The complexities regarding scale and our grand efforts at “do-gooding” in international and even local settings is captured well in the following example from the United States. Hobbes writes:

My favorite example of unintended consequences comes, weirdly enough, from the United States. In a speech to a criminology conference, Nancy G. Guerra, the director of the Institute for Global Studies at the University of Delaware, described a project where she held workshops with inner-city Latina teenagers, trying to prevent them from joining gangs. The program worked in that none of the girls committed any violence within six months of the workshops. But by the end of that time, they were all, each and every one, pregnant.

“That behavior was serving a need for them,” she says in her speech. “It made them feel powerful, it made them feel important, it gave them a sense of identity. … When that ended, [they] needed another kind of meaning in their lives.”

The fancy academic term for this is “complex adaptive systems.” We all understand that every ecosystem, each forest floor or coral reef, is the result of millions of interactions between its constituent parts, a balance of all the aggregated adaptations of plants and animals to their climate and each other. Adding a non-native species, or removing one that has always been there, changes these relationships in ways that are too intertwined and complicated to predict.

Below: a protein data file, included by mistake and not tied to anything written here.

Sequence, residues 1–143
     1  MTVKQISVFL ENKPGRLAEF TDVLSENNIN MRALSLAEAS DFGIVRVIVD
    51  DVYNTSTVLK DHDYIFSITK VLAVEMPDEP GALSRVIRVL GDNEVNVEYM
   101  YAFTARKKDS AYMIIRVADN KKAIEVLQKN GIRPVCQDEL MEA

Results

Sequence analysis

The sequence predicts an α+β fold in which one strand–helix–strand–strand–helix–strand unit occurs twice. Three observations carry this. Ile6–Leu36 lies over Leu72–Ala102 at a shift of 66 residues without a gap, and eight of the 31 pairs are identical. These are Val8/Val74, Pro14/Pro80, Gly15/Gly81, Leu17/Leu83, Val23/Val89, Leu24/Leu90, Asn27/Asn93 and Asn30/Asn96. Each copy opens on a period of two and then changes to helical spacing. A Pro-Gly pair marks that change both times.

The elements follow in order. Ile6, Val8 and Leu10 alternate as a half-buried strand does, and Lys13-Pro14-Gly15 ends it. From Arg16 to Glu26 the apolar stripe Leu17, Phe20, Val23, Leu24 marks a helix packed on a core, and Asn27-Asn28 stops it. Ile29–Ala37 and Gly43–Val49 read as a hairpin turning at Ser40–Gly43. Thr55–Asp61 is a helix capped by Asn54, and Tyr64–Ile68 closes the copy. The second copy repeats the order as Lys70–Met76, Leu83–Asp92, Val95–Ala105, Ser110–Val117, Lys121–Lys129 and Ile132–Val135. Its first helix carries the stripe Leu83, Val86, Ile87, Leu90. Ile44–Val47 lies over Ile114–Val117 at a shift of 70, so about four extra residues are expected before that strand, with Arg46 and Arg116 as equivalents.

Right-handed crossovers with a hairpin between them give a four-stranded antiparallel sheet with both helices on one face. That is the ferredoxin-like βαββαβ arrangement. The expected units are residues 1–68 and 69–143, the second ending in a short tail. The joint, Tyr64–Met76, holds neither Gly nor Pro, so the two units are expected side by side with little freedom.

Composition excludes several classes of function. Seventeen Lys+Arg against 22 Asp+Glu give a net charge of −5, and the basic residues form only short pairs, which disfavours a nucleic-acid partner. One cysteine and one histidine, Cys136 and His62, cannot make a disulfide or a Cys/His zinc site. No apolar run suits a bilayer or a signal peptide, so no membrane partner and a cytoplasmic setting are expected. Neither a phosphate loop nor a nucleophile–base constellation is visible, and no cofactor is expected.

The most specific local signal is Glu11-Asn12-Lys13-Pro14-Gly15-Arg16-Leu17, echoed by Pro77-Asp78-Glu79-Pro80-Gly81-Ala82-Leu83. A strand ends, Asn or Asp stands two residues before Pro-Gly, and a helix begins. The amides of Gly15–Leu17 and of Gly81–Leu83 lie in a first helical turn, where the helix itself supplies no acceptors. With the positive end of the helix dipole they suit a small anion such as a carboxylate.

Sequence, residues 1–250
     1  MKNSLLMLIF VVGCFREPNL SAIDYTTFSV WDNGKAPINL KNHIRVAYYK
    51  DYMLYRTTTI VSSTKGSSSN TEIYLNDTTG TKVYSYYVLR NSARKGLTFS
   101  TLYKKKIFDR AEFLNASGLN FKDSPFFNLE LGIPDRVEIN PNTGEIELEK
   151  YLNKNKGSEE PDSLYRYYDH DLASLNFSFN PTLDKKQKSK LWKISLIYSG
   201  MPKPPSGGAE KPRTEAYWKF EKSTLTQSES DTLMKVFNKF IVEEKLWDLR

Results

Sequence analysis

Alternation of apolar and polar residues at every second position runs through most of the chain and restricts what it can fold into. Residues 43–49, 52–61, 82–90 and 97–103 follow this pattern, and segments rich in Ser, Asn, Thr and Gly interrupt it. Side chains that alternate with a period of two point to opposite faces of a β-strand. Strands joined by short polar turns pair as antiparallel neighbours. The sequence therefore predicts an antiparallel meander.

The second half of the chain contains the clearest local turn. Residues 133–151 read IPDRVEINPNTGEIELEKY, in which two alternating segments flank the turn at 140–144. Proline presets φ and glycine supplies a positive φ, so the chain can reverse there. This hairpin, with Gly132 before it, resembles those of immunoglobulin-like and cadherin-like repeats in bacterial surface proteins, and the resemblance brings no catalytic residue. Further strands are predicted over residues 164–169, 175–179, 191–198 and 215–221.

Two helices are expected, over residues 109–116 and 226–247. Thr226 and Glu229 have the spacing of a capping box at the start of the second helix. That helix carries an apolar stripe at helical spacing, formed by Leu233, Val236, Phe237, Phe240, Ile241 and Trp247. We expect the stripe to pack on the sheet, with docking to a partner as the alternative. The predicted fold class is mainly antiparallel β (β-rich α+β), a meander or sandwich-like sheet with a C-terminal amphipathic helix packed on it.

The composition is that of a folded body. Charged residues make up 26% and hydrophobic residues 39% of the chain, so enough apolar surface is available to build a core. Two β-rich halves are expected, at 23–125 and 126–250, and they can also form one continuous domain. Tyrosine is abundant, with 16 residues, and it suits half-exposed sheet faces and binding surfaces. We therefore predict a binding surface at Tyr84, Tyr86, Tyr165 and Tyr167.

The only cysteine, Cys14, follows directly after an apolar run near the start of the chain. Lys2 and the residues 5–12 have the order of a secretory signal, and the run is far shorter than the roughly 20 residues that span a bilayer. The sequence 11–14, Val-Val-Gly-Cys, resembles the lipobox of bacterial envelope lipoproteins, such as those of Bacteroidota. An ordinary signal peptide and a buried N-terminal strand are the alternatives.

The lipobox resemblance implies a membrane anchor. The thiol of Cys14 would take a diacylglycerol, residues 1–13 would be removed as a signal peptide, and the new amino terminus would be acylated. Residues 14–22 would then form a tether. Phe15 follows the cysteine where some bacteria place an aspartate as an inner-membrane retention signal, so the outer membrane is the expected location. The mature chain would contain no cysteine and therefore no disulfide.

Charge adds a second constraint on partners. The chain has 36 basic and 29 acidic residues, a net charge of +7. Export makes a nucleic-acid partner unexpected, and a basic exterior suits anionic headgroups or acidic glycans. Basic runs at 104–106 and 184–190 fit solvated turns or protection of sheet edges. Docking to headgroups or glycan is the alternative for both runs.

“Complex Adaptive Systems” and Voluntourism

The sheer complexity of the localized expressions of societal challenges is referred to by Hobbes, in the above example. as the shift from gang-involvement to pregnancy. It is a potent story. In each and every setting and community it will be different. There will be a trade-off of some kind. We are seeing this in Cambodia and elsewhere with the influx of willing volunteers and donors coming into places like Siem Reap and the subsequent multiplication of orphanages. It isn’t that voluntourists are bad. It isn’t that Cambodian orphanage proliferation is horrific. The complexity of the situation produces an outcome that is necessarily unwanted.

Around the world, in different settings, we can see that in some situations the insertion of volunteers, particularly on a large-scale basis, leads to many more challenges than it does positive, impact-filled outcomes. Orphanages and large-scale voluntourism, it would appear, do not mix – Cambodia, South Africa, and Nepal are proving this to us. Just like the failed efforts of Sachs in Dertu, voluntourism in these locations is producing more, not less, orphanages. So what can we do about this?

“Dreaming Voluntourism A Little Smaller”

Hobbes concludes his remarks with these words:

PlayPump International, the charity I started with, doesn’t exist anymore. The pumps, however, are still being installed by Roundabout Water Solutions, an NGO that markets them as a “niche solution” that should only be installed at primary schools in poor rural areas. Four years ago, the same evaluations that so harshly criticized the rapid expansion of the project also acknowledged that, in some villages, under the right circumstances, they were fabulously helpful.